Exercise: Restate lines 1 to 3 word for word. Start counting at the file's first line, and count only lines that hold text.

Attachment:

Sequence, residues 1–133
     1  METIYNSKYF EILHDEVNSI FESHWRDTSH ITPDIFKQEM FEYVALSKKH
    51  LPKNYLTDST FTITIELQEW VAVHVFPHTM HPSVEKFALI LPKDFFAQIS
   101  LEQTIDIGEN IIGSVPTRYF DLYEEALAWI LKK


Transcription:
Sequence, residues 1–133
     1  METIYNSKYF EILHDEVNSI FESHWRDTSH ITPDIFKQEM FEYVALSKKH
    51  LPKNYLTDST FTITIELQEW VAVHVFPHTM HPSVEKFALI LPKDFFAQIS